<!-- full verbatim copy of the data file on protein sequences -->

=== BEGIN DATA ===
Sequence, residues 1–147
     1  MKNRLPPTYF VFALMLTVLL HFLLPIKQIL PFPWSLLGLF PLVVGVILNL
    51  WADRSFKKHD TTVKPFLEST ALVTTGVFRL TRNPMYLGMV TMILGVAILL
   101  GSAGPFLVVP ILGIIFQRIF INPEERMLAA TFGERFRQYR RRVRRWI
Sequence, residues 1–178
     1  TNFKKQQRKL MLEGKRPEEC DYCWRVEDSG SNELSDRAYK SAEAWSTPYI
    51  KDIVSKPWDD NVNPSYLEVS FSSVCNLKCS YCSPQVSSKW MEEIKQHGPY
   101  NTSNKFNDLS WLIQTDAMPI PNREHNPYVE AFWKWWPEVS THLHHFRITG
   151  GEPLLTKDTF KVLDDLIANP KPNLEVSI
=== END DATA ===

Sequence, residues 1–147
     1  MKNRLPPTYF VFALMLTVLL HFLLPIKQIL PFPWSLLGLF PLVVGVILNL
    51  WADRSFKKHD TTVKPFLEST ALVTTGVFRL TRNPMYLGMV TMILGVAILL
   101  GSAGPFLVVP ILGIIFQRIF INPEERMLAA TFGERFRQYR RRVRRWI
Sequence, residues 1–178
     1  TNFKKQQRKL MLEGKRPEEC DYCWRVEDSG SNELSDRAYK SAEAWSTPYI
    51  KDIVSKPWDD NVNPSYLEVS FSSVCNLKCS YCSPQVSSKW MEEIKQHGPY
   101  NTSNKFNDLS WLIQTDAMPI PNREHNPYVE AFWKWWPEVS THLHHFRITG
   151  GEPLLTKDTF KVLDDLIANP KPNLEVSI